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I'm using a StringBuilder in a loop and every x iterations I want to empty it and start with an empty StringBuilder, but I can't see any method similar to the .NET StringBuilder.Clear in the documentation, just the delete method which seems overly complicated.

So what is the best way to clean out a StringBuilder in Java?

marked as duplicate by user177800 Oct 14 '15 at 2:34

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Two ways that work:

  1. Use stringBuilderObj.setLength(0).
  2. Allocate a new one with new StringBuilder() instead of clearing the buffer.
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    You can leave a little comment if you're afraid future developers won't understand – krtek Mar 4 '11 at 10:36
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    No, it isn't as cheap! How can you say that? Suppose you have a buffer with capacity of 1000 chars. Then you dispose of it (work for GC) and create a new one (work for allocator). It's a lot faster just to set the text length to zero (virtually no work for CPU) and reuse the same buffer. – Sulthan Jun 14 '11 at 9:08
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    @Sulthan: Oh, late with this answer: I was thinking about StringBuffer.delete(idx, len). On the other hand, doing a setLength requires it to iterate the entire buffer and null each character (e.g. kickjava.com/src/java/lang/AbstractStringBuilder.java.htm). Depending on the size of the buffer, that could be expensive as well. On the other hand, unless it's uber-performant code, go with what looks clearest to you and don't spend time on micro-optimization. – Marcus Frödin Jan 2 '12 at 14:34
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    @Marcus, in the link you provided as an example, setLength(0) will not iterate as you say, it'll do that only if the new length is greater than the used-char count (can't happen with 0 length). For performance it would seems like setLength(0) is the best, and it also seems like a very clear meaning of emptying the buffer. – Eran May 12 '12 at 22:08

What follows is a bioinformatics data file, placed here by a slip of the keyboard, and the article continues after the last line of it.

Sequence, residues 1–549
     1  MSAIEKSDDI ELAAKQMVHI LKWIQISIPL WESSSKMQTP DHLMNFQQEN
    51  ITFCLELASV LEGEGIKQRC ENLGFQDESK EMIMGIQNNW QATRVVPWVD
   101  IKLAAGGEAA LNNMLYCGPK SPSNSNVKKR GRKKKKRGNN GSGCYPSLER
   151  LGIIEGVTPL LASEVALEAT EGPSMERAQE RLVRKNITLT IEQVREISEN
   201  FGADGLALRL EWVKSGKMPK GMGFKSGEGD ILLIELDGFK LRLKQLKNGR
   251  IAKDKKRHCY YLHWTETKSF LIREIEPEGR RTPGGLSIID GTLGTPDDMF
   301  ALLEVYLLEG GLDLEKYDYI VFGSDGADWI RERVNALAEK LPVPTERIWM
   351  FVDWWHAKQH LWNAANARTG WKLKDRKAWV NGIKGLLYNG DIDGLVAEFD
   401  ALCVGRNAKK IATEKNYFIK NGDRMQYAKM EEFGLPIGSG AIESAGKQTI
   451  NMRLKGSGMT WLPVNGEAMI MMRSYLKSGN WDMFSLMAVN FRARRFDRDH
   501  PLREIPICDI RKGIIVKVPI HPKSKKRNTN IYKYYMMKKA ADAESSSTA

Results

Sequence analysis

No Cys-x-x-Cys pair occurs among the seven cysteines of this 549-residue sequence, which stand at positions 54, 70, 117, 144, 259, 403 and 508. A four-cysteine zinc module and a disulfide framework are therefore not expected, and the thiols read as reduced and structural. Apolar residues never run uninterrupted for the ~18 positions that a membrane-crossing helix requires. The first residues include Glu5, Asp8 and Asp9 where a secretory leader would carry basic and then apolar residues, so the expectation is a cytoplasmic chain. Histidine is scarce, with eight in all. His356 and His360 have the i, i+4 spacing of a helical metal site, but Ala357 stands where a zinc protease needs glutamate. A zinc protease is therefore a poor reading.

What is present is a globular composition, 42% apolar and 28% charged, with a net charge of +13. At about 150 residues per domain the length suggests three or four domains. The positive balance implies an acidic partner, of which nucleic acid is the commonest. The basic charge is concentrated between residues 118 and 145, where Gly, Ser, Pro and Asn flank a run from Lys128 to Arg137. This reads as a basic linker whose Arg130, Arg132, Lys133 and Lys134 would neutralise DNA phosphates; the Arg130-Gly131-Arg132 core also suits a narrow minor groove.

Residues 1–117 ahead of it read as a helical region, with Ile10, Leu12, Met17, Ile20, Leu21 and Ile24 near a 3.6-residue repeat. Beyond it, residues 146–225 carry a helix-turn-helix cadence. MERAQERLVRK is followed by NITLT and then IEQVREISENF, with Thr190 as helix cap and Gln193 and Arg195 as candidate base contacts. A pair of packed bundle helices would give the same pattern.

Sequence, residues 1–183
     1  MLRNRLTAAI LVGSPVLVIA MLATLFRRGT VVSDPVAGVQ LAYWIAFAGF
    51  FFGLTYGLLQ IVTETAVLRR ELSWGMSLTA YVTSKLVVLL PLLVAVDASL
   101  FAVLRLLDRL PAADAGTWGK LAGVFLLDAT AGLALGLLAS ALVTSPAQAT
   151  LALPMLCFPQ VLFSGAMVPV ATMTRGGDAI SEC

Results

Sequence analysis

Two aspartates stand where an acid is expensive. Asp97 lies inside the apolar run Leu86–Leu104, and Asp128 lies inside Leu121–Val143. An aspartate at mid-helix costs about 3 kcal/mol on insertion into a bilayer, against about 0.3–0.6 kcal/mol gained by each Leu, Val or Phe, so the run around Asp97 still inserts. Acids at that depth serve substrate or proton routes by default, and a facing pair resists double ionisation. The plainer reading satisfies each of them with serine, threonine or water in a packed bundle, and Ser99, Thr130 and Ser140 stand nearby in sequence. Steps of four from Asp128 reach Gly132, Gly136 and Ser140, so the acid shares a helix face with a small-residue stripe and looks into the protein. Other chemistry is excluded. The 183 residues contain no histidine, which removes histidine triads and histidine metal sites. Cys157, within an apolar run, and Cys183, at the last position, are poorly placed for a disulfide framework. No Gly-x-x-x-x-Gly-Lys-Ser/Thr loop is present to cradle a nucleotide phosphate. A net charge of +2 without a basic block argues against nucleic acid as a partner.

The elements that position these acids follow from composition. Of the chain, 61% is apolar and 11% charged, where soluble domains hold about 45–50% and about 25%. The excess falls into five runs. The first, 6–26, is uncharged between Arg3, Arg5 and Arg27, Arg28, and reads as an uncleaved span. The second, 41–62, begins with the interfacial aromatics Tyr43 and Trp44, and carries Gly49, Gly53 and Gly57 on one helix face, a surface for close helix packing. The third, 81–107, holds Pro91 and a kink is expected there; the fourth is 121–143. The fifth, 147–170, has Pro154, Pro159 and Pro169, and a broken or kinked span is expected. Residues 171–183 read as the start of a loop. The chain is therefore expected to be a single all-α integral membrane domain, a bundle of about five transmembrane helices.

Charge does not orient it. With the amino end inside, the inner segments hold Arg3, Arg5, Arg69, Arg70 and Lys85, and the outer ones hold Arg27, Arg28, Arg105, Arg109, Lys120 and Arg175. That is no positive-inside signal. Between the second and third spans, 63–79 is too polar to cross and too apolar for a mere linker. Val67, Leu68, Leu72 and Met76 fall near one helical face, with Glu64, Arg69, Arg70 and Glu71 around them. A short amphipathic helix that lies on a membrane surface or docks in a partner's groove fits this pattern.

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    @Marcus You should update your answer. – Brian Gordon Jul 16 '13 at 23:11

There are basically two alternatives, using setLength(0) to reset the StringBuilder or creating a new one in each iteration. Both can have pros and cons depending on the usage.

If you know the expected capacity of the StringBuilder beforehand, creating a new one each time should be just as fast as setting a new length. It will also help the garbage collector, since each StringBuilder will be relatively short-lived and the gc is optimized for that.

When you don't know the capacity, reusing the same StringBuilder might be faster. Each time you exceed the capacity when appending, a new backing array has to be allocated and the previous content has to be copied. By reusing the same StringBuilder, it will reach the needed capacity after some iterations and there won't be any copying thereafter.

  • 1
    Thanks, I had forgotten about the constructor with the capacity parameter. – Hans Olsson Mar 4 '11 at 11:43
  • If you use setLength(0), does that mean it keeps the internal buffer at its current length? My concern is that I don't want to new a new StringBuffer because I expect sometimes I will have fairly long strings, and thus I am starting with a pretty large buffer size (4k or 32k). So, it sounds like it might be quicker to setLength(0). BUT - if the space allocated by StringBuffer never shrinks, I could run out of memory (this is under Android where memory can get tight). – Michael Mar 30 '13 at 23:50
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    @Michael: Yes, the internal buffer is kept at its current length. you can find the actual implementation for android at android.googlesource.com/platform/libcore/+/master/luni/src/… . Once you are finished appending characters you could use the trimToSize method to free unneeded space. – Jörn Horstmann Mar 31 '13 at 11:28